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Wine joins the 2020 debate over privilege and justice, Food & Drink

IN this topsy-turvy year of the Covid-19 pandemic and a national uproar over politics and racial injustice, few things are immune from the widespread cultural re-evaluation.

The wine world, too, is re-examining its business practices and responsibilities. In recent weeks, the focus has turned to the case of Valentina Passalacqua – a natural-wine producer in Puglia, the region at the heel of Italy’s boot – whom few Americans had ever heard of until recently.

Over the past year, though, she drew a meteoric rise in attention as her products were picked up by two of New York’s most important importers of natural wines, Zev Rovine Selections and Jenny & Fran├žois Selections. Her wines were also featured by Dry Farm Wines, a natural-wine club that ships to 44 states, promising bottles that “whisper in nature’s perfect logic and design”.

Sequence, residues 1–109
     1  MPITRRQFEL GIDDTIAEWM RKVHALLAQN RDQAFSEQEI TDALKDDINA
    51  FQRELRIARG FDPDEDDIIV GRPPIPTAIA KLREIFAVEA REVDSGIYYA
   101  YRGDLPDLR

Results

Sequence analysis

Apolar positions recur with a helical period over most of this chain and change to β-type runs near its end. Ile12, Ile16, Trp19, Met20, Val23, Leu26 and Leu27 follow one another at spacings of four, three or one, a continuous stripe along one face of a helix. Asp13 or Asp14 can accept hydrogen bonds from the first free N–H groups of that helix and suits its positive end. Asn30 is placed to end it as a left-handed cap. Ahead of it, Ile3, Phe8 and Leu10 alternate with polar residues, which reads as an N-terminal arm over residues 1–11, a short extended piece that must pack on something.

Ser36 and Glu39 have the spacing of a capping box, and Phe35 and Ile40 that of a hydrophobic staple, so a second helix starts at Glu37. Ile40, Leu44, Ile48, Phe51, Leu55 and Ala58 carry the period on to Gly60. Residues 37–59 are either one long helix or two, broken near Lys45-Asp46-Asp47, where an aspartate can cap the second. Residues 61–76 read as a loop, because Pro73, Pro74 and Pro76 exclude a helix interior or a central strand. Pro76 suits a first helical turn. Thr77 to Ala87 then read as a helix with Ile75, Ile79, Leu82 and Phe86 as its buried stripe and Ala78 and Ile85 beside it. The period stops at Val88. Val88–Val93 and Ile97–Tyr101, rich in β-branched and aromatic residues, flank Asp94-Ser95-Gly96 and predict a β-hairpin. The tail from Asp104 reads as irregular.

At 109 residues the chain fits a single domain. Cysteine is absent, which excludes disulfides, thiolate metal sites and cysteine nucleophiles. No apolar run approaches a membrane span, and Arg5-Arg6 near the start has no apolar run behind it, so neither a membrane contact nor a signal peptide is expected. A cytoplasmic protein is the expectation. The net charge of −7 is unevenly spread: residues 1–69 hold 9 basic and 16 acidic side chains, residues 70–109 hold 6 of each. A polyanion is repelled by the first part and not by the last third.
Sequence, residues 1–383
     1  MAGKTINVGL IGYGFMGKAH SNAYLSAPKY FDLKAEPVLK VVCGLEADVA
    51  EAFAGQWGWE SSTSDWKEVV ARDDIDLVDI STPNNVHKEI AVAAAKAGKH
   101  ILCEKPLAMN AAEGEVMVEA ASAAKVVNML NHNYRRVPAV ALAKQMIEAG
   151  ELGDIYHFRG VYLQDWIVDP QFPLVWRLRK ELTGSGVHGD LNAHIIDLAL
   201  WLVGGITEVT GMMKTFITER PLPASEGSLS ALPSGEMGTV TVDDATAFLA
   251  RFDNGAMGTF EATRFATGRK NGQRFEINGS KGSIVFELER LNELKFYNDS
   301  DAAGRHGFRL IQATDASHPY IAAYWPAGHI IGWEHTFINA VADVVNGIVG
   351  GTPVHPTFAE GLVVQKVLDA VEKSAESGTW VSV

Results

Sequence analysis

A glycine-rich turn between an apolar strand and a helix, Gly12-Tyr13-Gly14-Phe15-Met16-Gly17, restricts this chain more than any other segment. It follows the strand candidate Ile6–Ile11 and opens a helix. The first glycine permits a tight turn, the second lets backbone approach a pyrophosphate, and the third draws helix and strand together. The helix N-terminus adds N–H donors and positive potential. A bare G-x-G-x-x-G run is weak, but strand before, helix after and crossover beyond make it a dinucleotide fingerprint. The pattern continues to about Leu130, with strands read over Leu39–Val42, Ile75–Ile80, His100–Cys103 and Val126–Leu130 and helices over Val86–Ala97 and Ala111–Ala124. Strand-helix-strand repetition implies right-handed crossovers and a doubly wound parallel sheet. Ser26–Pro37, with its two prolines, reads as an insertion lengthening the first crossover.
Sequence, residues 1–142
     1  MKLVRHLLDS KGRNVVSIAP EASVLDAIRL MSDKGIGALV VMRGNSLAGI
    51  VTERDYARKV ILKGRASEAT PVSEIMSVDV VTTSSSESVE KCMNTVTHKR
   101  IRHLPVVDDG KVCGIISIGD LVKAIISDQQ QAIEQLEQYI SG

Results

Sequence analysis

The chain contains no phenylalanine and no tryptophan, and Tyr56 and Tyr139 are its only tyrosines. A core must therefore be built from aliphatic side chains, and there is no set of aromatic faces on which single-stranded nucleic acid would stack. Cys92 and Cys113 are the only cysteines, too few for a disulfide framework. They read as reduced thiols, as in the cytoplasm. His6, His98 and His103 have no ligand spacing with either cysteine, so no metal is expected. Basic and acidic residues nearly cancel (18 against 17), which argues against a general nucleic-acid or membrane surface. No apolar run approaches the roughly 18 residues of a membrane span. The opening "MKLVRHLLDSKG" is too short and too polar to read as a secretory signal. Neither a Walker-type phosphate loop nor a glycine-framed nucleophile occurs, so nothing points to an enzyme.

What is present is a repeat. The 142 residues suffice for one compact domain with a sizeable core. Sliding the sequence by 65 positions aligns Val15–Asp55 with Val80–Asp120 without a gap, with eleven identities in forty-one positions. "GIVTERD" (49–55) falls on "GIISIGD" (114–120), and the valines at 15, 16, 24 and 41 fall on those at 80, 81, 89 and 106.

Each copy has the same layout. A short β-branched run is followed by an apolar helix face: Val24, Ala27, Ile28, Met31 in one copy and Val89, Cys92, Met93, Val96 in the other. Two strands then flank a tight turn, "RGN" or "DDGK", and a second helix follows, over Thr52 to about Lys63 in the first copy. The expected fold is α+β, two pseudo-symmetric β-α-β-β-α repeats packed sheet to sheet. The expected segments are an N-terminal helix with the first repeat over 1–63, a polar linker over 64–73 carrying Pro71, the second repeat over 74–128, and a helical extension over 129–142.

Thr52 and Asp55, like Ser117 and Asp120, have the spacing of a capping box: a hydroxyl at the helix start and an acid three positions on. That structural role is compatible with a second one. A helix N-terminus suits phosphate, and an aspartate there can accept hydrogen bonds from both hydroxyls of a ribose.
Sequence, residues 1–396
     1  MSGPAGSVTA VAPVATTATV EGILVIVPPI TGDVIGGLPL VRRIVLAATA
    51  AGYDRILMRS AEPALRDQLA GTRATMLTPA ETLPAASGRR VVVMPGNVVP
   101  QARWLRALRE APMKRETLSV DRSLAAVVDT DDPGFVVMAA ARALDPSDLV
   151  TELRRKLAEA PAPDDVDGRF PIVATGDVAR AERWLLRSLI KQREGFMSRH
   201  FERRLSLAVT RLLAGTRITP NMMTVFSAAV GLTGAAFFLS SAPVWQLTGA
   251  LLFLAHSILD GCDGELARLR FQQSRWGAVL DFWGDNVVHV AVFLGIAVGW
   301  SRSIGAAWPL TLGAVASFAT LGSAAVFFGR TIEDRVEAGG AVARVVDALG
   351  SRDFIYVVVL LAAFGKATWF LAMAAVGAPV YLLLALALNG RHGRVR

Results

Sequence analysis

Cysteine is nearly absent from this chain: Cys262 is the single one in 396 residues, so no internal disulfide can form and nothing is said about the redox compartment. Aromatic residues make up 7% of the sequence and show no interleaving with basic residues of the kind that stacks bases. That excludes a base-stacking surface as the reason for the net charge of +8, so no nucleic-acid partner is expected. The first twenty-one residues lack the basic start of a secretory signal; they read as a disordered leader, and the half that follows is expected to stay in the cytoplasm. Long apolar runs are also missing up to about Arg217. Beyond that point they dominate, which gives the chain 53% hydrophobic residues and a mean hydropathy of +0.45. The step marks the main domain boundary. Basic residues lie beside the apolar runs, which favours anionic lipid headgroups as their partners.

But her upward trajectory as a natural-wine exemplar took a swift nosedive in early July when her father, Settimio Passalacqua, a marble and agriculture magnate in Puglia, was placed under house arrest by the carabinieri, the national police. Prosecutors accused him of the systematic and illegal exploitation of migrant workers in his produce operation.

The Italian authorities have not suggested that Passalacqua was complicit in the crimes they say her father committed. But over the last month, many people in natural-wine circles, using the social justice language of 2020, turned on her, questioning both whether she was operating separately…

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